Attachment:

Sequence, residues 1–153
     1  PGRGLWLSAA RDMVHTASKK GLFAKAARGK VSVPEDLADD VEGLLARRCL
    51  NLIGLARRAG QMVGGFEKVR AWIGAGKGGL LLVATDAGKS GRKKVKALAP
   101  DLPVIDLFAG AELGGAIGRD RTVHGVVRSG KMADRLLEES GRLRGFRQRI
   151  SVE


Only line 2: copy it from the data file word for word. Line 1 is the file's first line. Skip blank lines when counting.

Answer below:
     1  PGRGLWLSAA RDMVHTASKK GLFAKAARGK VSVPEDLADD VEGLLARRCL